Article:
# 6: Pseudorandom Functions and Block Ciphers

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Imagine if Alice & Bob had an infinite amount of shared randomness - not just a short key. They could split it up into $$\lambda$$-bit chunks and use each one as a one-time pad whenever they want to send an encrypted message of length $$\lambda$$.

Alice could encrypt by saying, "hey Bob, this message is encrypted with one-time pad using chunk #674696273 as key." Bob could decrypt by looking up location #674696273 in his copy of the shared randomness. As long as Alice doesn’t repeat a key/chunk, an eavesdropper (who doesn’t have the shared randomness) would learn nothing about the encrypted messages. Although Alice announces (publicly) which location/chunk was used as each one-time pad key, that information doesn’t help the attacker know the value at that location.

It is silly to imagine an infinite amount of shared randomness. However, an exponential amount of something is often just as good as an infinite amount. A shared table containing "only" $$2^{\lambda}$$ one-time pad keys would be quite useful for encrypting as many messages as you could ever need.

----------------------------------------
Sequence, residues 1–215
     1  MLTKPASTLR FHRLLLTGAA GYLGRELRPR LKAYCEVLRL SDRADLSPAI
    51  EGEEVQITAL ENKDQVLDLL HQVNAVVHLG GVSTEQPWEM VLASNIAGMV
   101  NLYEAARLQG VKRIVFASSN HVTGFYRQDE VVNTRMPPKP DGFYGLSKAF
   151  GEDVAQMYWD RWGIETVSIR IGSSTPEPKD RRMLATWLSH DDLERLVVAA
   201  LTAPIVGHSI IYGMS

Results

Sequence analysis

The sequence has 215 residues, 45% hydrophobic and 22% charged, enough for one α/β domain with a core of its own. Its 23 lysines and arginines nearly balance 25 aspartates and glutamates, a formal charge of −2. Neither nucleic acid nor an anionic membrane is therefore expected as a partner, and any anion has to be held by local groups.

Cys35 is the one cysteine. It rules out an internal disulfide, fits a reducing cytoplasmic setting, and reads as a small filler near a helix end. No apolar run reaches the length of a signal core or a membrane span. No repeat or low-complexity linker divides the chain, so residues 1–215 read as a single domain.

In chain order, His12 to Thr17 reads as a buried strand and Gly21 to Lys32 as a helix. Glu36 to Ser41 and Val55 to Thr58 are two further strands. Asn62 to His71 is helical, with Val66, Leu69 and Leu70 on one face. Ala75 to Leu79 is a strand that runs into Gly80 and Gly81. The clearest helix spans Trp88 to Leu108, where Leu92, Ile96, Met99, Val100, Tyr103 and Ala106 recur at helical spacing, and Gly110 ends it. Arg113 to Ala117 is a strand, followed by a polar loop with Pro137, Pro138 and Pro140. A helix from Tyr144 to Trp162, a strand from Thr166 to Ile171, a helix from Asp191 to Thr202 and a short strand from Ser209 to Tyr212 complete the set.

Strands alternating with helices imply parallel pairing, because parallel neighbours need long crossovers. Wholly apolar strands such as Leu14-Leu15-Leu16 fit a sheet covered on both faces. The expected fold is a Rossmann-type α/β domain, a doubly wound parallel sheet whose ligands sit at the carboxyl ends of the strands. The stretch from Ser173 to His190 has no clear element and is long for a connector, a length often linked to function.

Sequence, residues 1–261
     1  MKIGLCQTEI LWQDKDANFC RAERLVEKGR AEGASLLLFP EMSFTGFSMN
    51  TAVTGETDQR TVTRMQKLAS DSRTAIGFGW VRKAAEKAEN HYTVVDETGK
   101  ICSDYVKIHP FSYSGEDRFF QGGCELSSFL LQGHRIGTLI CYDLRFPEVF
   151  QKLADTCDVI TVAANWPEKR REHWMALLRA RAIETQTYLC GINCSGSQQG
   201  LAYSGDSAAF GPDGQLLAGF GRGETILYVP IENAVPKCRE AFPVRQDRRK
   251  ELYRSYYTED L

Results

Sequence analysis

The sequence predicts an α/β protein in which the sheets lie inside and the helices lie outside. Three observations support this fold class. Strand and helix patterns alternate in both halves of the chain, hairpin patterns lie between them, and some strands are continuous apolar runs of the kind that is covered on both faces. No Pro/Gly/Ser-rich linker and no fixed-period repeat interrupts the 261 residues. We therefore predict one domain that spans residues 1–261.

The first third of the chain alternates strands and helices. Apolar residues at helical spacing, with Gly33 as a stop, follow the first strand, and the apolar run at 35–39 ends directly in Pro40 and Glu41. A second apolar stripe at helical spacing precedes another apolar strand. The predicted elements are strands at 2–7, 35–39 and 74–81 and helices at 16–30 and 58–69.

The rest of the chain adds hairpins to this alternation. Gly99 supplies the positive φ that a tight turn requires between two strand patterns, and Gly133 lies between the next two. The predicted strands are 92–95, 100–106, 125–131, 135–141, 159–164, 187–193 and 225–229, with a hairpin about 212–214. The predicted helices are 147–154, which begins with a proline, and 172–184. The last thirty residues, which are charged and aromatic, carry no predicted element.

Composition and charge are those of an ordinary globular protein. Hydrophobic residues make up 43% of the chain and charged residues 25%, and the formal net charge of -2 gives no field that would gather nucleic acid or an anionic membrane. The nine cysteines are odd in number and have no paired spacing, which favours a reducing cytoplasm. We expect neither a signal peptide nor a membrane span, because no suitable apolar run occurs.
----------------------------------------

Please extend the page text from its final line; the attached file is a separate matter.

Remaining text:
A pseudorandom function (PRF) is a tool that allows Alice & Bob to achieve the effect of such an exponentially large table of shared randomness in practice. In this chapter we will explore PRFs and their properties. In a later chapter, after introducing new security definitions for encryption, we will see that PRFs can be used to securely encrypt many messages under the same key, following the main idea illustrated above.

This page titled 6: Pseudorandom Functions and Block Ciphers is shared under a CC BY-NC-SA 4.0 license and was authored, remixed, and/or curated by Mike Rosulek (Open Oregon State) via source content that was edited to the style and standards of the LibreTexts platform; a detailed edit history is available upon request.